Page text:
Jeff Judy

Jeff's Thoughts - March 16 , 2011

Succession Planning Revisited

In a recent edition of Jeff's Thoughts, I pointed out that many banks have had the same employees available to them and their customers for many years. And I suggested that this situation is as much a risk as an asset, since the improving economy will increase both labor force mobility and the rate of retirement. (See "Now You See Them, Now You Don't.")

The issue, then, is "succession planning," but not succession planning as it is commonly defined.

All too often, we use the term "succession planning" very narrowly, and rather lazily. For many institutions, "succession planning" simply means asking the question, "Who will be the next leader(s) of our bank?" Particularly in family-run community banks, the answer to that question can be known quite a long time in advance.

Get beyond the simple "who" question. Consider:

I recommend looking for a constellation of abilities across several positions. In the most enlightened institutions, "succession planning" is less about names and individuals and more about developing a collective talent pool. At these banks, they have taken the time to think through what will be needed. And then they have developed strategies for ensuring that the necessary attributes are there to be tapped when the time comes.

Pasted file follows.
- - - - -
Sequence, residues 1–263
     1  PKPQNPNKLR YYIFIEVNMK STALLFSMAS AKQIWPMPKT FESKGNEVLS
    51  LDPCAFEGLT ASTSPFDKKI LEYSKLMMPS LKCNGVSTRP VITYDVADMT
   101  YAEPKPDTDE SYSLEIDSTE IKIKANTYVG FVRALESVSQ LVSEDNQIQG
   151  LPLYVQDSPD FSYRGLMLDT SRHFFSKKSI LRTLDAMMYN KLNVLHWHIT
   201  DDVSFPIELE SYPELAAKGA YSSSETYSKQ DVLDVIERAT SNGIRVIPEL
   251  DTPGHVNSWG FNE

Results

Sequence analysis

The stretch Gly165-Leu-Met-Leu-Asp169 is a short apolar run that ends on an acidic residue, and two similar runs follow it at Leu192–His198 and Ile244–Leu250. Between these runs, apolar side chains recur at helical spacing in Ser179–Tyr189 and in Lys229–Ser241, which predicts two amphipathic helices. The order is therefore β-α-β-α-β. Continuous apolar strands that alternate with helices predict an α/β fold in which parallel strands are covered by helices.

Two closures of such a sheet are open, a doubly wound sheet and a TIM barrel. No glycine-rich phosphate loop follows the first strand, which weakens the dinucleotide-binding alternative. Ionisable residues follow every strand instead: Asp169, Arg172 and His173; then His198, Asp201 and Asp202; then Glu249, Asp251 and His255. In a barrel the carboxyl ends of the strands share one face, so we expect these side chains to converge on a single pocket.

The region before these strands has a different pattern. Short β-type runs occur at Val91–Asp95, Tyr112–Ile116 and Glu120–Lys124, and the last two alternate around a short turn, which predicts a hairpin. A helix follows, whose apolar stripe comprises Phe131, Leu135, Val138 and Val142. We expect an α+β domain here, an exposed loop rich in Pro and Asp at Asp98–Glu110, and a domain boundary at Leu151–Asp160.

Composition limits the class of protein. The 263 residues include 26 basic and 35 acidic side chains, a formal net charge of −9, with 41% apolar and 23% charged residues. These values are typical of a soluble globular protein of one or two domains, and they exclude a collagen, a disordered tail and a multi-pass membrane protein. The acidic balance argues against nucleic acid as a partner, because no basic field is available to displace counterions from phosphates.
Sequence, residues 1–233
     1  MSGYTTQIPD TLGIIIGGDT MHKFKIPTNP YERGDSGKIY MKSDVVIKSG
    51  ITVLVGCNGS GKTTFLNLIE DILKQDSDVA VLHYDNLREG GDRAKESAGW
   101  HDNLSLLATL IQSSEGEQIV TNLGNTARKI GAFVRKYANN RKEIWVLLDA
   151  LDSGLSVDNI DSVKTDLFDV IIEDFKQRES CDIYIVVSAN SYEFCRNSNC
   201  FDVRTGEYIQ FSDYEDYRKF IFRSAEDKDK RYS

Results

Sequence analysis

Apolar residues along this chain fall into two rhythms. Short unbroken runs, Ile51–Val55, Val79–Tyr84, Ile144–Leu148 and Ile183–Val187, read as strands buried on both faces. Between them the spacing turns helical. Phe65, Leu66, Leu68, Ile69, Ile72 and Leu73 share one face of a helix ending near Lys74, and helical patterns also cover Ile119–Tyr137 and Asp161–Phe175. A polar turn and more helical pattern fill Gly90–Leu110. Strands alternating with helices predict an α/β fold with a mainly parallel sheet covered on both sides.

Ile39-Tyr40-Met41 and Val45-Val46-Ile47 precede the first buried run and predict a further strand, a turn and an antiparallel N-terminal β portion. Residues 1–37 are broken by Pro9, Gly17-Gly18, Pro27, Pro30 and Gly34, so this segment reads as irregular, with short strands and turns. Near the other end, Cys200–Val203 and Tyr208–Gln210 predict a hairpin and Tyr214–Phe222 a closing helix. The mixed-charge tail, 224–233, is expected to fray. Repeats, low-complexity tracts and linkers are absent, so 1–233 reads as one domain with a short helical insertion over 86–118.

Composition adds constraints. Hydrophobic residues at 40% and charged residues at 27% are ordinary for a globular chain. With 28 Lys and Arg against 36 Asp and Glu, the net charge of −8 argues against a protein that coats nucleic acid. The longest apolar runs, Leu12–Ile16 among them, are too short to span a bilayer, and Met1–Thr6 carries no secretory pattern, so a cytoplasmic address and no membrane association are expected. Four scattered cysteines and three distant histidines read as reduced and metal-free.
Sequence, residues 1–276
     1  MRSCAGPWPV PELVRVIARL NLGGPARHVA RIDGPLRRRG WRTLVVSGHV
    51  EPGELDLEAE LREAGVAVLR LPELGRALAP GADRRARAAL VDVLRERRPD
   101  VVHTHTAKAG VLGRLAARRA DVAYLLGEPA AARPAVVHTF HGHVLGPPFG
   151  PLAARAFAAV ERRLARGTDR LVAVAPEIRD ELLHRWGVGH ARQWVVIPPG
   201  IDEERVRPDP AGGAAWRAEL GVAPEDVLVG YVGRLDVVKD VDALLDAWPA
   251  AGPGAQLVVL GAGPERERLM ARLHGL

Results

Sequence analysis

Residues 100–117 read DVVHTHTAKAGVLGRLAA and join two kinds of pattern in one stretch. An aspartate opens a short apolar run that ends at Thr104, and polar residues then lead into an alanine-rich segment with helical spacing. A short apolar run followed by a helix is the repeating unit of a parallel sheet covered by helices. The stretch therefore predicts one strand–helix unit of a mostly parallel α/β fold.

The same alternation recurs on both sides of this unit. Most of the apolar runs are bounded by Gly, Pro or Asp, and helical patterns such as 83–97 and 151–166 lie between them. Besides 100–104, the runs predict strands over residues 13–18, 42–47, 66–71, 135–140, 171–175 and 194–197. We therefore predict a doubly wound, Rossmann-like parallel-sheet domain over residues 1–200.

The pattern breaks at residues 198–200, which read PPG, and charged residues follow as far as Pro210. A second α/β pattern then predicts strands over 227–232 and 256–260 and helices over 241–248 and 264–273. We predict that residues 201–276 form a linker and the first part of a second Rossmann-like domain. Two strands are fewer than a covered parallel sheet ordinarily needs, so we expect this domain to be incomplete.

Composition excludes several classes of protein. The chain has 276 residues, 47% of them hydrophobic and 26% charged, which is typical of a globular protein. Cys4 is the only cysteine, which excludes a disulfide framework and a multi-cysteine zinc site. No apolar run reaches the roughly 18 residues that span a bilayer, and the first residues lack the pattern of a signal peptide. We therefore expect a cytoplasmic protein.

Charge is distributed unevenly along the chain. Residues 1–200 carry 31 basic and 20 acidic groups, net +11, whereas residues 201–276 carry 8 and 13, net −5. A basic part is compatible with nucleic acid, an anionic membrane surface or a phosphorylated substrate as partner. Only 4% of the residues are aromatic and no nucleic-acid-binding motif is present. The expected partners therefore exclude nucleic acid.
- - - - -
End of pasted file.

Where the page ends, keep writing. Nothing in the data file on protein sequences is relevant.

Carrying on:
Maybe you do already know who is most likely to be the next CEO. But have the Board and the executive team thoroughly answered the following questions?

Taking a broader view, looking beyond one name and one position at a time, helps ensure that as a team, the bank leadership brings together all the intellectual resources, experience, skill, values, and judgment that you are looking for. Complementary assets and roles can contribute significantly to your future success.

Indeed, the best banks think beyond replacement. They expect the next person in any key role to be even better than the current occupant. The next generation may bring new insights into technology, or publicity and the media. Taking steps to develop future talent before it is needed includes cultivating these areas of expertise, nurturing unique strengths, to bring new knowledge and ideas into the executive ranks.

As I mentioned in my earlier article, at many banks replacing the leadership is going to be a major issue because they are run by a cohort of individuals of similar age, many of whom will retire within a short span of time. The best bet for replacing several key roles a few years down the road is to start growing people for those roles now ... whether or not you already know who will fill those positions.

And an even better bet is to think of "succession planning" as something that applies to the entire organization. In my next article in this series, I'll raise the issue of which "employee replacements" have the greatest impact on your customers, and their loyalty to your bank.